Breaking News
More () »

Boulder hears from community members on the future of its airport

The first of three open houses occurred Tuesday night that allow Boulder residents to engage on the future master plan for the Boulder Municipal Airport.

BOULDER, Colo. — Community members filed into a lobby in Boulder Tuesday bringing with them curiosity and ideas about a property a few miles away – the Boulder Municipal Airport (BDU)

According to the city, the airport is due for a new Airport Master Plan, which is a process that is guided by the FAA.

“I think at this point we could go in a variety of different directions," said Boulder's Senior Transportation Planner Allison Moore-Farrell at the first of three open houses Tuesday night. 

But in a separate project, the city kicked off a community engagement process in preparation of the future master plan to "...understand the community's desired future for Boulder Municipal Airport and recommended next steps." 

The first of three open houses occurred Tuesday night. 

The final recommendation, the city said, are also based off of the city’s Transportation Master Plan and the Boulder Valley Comprehensive Plan.

“It’s kind of exciting to hear some community voices in this," Moore-Farrell said. 

Credit: Luis de Leon
Community members are addressed during an open house on the future of the Boulder Municipal Airport.

A history lesson to guide understanding

The city describes Boulder Municipal Airport as a general aviation airport.  

It started as a dirt landing strip in 1928, before the name was made official in 1943, according to presentations at the open house. 

It received its first federal grant in 1958, and additional land was bought between 1964 and 1969.

But the type of aviation that occurred at the airport has largely stayed consistent, according to the airport's manager, John Kinney. 

“You don’t see too may jets coming in and out of the Boulder airport," he said, estimating that a private jet comes through BDU once every few weeks on most occasions. 

The airport itself is mostly used by glider pilots, recreational pilots and first responders. The airport also does not have a control tower like Broomfield and Centennial do.

The airport is also not staffed 24/7, but did implement a flight tracking system in the spring of 2022.  

“Right now, I think the community has a thirst to become more part of this airport and I think the pilot groups also want to find a way of how do we bring the community more into this airport so its more of a harmonistic relationship," Kinney said.

Credit: Foster Gaines
The Boulder Municipal Airport terminal building.

On the website's FAQ, when asked why the conversation about the airport is starting now, it references the Boulder Valley Comprehensive Plan, "...which guides long-range planning in Boulder..."

In the plan's section on the airport, it states in part that, "The city will seek to mitigate noise, safety and other impacts of airport operation while assuring that new development in proximity will be compatible with existing and planned use of the airport."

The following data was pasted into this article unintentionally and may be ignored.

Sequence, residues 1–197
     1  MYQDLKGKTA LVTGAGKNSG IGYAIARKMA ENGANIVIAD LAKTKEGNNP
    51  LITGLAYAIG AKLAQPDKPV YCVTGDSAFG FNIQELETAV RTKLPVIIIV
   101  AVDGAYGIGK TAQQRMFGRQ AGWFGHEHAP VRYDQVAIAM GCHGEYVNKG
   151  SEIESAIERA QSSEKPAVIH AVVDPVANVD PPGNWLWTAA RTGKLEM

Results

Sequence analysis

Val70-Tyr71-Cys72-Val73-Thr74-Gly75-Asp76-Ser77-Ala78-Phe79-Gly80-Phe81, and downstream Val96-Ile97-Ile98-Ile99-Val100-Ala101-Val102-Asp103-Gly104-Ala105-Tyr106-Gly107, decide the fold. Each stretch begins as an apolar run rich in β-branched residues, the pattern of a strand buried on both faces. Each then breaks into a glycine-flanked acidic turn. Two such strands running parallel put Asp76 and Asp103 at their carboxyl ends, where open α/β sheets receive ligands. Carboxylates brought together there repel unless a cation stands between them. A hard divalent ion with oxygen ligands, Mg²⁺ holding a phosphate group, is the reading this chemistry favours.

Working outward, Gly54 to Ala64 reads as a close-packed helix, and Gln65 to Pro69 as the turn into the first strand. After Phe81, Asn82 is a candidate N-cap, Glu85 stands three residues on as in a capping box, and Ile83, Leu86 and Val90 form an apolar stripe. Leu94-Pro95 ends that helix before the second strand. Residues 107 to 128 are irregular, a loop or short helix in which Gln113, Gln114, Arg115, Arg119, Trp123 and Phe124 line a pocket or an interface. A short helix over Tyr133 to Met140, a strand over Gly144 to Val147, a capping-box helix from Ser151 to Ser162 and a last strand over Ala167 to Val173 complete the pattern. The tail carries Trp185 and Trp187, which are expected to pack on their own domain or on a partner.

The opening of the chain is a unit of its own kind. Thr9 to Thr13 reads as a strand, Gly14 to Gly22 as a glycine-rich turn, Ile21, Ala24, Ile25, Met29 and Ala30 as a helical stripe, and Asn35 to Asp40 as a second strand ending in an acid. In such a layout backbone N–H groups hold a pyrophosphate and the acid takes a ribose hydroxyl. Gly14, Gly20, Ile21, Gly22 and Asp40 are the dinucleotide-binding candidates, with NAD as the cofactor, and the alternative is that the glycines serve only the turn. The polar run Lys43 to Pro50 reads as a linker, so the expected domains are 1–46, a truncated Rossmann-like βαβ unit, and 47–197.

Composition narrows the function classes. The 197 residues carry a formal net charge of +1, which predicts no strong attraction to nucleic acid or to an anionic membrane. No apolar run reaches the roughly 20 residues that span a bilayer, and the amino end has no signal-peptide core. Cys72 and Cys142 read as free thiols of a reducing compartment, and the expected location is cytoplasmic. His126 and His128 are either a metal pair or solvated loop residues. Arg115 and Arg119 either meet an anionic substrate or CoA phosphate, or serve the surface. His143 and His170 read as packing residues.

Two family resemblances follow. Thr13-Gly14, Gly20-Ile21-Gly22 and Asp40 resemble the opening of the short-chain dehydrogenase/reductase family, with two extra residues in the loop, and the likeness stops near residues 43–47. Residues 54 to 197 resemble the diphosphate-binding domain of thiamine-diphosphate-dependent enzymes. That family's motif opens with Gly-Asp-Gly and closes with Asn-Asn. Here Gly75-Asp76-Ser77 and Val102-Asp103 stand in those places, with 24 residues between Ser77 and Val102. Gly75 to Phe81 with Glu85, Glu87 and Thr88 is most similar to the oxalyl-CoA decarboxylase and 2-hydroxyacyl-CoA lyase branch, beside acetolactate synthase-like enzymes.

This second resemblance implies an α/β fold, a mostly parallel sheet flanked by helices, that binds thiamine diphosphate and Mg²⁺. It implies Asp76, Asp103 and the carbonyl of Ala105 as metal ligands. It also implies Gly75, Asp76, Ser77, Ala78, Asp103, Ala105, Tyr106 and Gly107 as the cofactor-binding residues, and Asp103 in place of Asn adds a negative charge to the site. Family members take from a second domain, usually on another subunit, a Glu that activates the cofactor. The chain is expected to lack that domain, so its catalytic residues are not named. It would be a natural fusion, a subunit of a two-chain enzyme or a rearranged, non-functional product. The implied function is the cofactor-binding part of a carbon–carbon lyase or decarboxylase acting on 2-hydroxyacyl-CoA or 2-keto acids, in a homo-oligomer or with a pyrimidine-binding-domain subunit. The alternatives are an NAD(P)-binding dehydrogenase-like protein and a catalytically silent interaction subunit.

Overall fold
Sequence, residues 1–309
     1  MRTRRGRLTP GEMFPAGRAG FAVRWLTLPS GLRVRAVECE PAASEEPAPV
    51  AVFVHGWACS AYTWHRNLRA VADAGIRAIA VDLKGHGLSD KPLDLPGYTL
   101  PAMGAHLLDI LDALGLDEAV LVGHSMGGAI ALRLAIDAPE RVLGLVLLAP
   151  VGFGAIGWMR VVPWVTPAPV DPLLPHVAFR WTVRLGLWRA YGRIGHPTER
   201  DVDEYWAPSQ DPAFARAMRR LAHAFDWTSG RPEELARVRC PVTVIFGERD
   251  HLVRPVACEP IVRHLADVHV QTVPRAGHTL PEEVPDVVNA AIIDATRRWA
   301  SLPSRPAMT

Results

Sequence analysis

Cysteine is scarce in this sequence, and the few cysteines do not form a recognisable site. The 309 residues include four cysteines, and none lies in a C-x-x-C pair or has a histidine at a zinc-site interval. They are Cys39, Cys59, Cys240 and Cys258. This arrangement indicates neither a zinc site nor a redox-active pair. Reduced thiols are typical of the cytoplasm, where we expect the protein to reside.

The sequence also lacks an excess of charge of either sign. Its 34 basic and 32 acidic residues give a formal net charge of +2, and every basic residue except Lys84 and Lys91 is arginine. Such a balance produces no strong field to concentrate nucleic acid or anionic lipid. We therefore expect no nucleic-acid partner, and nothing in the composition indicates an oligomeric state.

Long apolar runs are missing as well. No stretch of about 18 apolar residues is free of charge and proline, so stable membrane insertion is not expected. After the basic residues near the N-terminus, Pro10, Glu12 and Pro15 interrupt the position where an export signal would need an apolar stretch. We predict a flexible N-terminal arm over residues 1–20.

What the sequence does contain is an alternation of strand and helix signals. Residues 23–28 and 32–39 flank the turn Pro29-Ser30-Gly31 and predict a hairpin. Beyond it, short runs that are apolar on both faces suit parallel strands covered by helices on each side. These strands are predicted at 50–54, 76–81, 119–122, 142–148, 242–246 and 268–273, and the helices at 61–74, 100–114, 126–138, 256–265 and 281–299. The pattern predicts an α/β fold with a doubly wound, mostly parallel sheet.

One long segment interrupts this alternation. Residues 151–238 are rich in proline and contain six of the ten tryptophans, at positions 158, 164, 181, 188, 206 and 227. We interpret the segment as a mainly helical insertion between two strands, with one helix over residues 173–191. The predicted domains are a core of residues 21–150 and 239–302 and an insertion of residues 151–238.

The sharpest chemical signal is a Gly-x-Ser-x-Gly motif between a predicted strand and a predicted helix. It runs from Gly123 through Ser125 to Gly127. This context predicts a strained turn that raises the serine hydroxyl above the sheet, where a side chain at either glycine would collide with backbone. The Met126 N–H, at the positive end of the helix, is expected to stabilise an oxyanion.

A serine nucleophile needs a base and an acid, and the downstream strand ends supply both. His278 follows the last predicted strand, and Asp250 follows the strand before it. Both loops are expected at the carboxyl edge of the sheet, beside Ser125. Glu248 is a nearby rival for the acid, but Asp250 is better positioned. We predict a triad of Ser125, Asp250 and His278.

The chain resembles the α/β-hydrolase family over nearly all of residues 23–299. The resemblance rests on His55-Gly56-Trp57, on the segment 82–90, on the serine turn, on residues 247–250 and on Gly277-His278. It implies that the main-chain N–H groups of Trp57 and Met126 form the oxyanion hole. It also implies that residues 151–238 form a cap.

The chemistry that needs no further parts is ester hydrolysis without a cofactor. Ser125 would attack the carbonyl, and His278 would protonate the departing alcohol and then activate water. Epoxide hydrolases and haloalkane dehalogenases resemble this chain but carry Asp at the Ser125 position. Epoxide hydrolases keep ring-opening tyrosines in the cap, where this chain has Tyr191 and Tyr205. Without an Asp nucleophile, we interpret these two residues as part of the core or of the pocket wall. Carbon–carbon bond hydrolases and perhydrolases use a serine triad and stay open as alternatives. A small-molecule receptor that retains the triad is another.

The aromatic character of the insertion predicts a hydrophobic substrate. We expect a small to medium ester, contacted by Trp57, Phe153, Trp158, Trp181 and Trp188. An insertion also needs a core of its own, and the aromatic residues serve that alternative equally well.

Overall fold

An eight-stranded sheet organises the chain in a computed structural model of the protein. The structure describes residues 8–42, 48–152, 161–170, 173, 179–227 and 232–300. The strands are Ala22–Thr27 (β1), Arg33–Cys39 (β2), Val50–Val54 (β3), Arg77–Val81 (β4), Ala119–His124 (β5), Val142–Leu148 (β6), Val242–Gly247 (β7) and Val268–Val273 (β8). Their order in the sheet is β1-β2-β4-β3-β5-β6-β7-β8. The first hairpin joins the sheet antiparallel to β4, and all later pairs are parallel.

It also says that at the time of the next Airport Master Plan, "...the city will work with the community to reassess the potential for developing a portion of the airport for housing and neighborhood-serving uses." 

However, it remains unclear as of now which direction the city could move with the airport. 

Credit: Luis de Leon
Community members view presentations on the Boulder Municipal Airport.

Analyzing potential

City planners will take feedback before presenting proposals to council, but Moore-Farrell said it has to be a robust process with regards to community engagement.

“So we’re looking at continuing safety at the airport and continuing our operations…can we also introduce other land uses? Can we look at other ways to improve community relations at the airport?" she said. 

While they have already received feedback on mitigating noise, they're also listening to feedback specific to aviation. 

“And some things we’ve heard thus far is looking at the future of aviation and how that could benefit the city of Boulder," she said. “Improvement can look different to different people."

Kinney explained his take on the airport's potential on several levels. 

“Whether it’s people learning to fly, people understanding the economic value of an airport – what it brings in terms of tangible economic impacts to the community," he explained. "But at the same time not having the activities dominate or degrade the community’s quality of life to their homes.”

The city plans to have two more open houses, and will keep an online questionnaire public until May 4. 

See other reports from 9NEWS reporter Luis De Leon:  


Before You Leave, Check This Out